Now, after Martov beat the majority of the Iskrists by alliance with the Bund and made every preparation for beating them by this alliance on the question of the central bodies as well, I find “their” complaints about riffraff and praetorians, their laments about the “crystal” of Iskra’s editorial board ludicrous. He beat them by an alliance, I say, and not by a deal; I would not think of accusing them of a deal with the Marsh and the Bund, nothing of the sort. When “they” talk about “defamatory rumours” (of being allies of the Bundists) being spread against them, “they” are repeating their usual mistake of confusing the personal and the political. A deal would be personally ugly. The alliance did not depend on their will, their alliance was caused by their mistake; it was not they who went with the Bund+the Marsh, but the Bund+the+Marsh+Yuzhny Rabochy, etc., who followed them, having grasped at once which of the Iskrists had to be supported from the anti Iskrist standpoint. The Bund+the Marsh, etc., only revealed politically Martov’s organisational and tactical mistake.
For one who knows all the facts of the Congress and especially the distribution of Iskrist votes (both at the Congress and in the underground organisation of Iskra) there cannot be any doubt that there is no going back. The Iskrists have parted company, but Iskra could not exist apart from the Iskrists. And, I repeat, among the Iskrists Martov was definitely in a minority, and a split in the Party (towards which Martov is fatally heading, more and more each day) will be a revolt of the minority, a minority that is in the wrong both juridically and still more in all essentials.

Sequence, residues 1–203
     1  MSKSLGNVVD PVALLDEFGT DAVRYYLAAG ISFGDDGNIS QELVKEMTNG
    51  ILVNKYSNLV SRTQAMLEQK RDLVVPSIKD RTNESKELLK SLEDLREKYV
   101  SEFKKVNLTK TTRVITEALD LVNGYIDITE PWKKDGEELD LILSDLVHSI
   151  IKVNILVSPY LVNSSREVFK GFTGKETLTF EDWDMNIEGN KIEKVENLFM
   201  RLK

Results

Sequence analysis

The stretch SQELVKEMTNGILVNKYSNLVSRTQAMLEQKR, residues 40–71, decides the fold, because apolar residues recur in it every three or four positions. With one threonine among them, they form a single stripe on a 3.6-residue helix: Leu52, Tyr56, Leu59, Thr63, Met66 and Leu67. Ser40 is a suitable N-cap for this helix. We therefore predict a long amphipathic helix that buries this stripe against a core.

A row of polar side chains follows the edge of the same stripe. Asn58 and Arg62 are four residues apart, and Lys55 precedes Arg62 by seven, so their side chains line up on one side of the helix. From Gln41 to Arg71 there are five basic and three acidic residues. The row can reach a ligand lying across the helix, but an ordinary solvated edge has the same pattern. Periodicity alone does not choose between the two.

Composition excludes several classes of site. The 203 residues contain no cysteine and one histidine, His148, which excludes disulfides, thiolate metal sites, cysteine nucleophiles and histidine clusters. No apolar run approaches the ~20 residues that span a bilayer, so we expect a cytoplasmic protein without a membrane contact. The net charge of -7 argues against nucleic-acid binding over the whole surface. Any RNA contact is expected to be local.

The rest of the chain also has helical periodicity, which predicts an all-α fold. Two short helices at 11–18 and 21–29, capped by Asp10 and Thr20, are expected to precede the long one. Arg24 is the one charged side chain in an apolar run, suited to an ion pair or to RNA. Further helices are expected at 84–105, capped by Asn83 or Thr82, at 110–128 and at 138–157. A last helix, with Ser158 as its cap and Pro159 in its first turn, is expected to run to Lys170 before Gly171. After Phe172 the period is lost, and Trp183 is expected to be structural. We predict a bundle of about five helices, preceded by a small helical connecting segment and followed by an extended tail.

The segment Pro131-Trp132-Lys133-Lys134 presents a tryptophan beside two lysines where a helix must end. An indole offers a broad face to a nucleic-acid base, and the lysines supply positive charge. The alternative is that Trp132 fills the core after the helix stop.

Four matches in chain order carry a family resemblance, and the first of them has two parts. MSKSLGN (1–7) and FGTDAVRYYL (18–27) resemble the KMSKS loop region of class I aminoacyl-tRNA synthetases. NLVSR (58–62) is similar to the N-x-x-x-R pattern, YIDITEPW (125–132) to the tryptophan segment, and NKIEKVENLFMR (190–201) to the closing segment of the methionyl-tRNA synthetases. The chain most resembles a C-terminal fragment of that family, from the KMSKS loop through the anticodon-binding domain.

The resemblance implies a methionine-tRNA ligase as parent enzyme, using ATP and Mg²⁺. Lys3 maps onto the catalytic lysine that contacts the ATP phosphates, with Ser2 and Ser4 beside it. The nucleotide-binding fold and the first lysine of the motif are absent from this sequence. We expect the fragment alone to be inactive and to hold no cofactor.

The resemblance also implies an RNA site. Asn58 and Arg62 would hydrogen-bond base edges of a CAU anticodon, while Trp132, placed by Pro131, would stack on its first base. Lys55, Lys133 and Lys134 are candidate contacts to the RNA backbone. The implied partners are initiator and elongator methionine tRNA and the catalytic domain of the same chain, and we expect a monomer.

We “cast slurs” neither on Martov nor on anyone else for their mistake, but call all of them to the work.
As regards the “material means” of which you speak, we are hard up just now, it goes without saying, and the Californian sources have gone up in smoke. But, if it came to that, we could endure even extreme need, so long as all the work of many years is not allowed to be wrecked through dissatisfaction with the composition of the central bodies (for objectively “their” dissatisfaction amounts only to this).
“Must the bucket too be shared?” you ask. I could hardly answer this question, for I make no claim to impartiality in “sharing”, and you do not need an answer that is not impartial. I am convinced that there are no “fractional parts”, but there is a senseless attempt to break to pieces, smash and scatter the whole (to build a new hearth, as you put it) owing to defeat on a single question where the defeated Iskrists were utterly wrong.
All the best.
 That is why “arrangements among ourselves” are impossiblenow, absolutely impossible, both judicially and morally. —Lenin
 Kalmykova, Alexandra Mikhailovna (1849-1926)—progressive public worker; ran a bookstore in 1889-1902, which served as a rendezvous for Social-Democrats; rendered financial aid to Iskra and Zarya. In 1902 she was deported abroad for three years; after the split in the Party she gave financial aid to the Bolsheviks.
 By “Californian” sources Lenin is apparently referring to the financial aid which Iskra had been regularly receiving. These sources have not been ascertained.
 This refers to the financial aid for Iskra.